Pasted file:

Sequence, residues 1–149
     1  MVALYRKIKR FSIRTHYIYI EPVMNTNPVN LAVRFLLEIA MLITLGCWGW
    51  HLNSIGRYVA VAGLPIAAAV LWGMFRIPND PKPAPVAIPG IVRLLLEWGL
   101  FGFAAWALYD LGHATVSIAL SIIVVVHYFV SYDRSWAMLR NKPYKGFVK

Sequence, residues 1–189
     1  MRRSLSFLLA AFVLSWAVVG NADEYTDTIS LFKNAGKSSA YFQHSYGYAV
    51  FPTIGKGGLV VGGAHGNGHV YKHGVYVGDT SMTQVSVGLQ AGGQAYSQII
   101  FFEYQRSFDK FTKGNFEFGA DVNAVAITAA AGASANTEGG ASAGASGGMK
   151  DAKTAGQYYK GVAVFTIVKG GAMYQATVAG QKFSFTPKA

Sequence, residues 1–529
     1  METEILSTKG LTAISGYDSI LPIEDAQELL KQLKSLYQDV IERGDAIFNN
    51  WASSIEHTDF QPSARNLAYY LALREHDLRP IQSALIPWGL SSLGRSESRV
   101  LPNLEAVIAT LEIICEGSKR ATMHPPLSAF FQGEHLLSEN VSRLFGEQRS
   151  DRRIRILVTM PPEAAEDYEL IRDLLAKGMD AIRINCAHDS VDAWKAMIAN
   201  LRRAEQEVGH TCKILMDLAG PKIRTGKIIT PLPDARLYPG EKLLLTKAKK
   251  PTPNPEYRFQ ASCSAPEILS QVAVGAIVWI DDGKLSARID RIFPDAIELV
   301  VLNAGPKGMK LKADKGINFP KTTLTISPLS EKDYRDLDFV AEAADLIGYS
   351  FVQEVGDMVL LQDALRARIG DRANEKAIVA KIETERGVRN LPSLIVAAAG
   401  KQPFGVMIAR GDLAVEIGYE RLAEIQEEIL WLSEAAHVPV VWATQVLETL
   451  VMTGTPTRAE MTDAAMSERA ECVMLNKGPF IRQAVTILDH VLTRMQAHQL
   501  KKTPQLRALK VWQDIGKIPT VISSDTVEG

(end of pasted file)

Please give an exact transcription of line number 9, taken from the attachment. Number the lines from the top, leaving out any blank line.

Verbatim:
   151  DAKTAGQYYK GVAVFTIVKG GAMYQATVAG QKFSFTPKA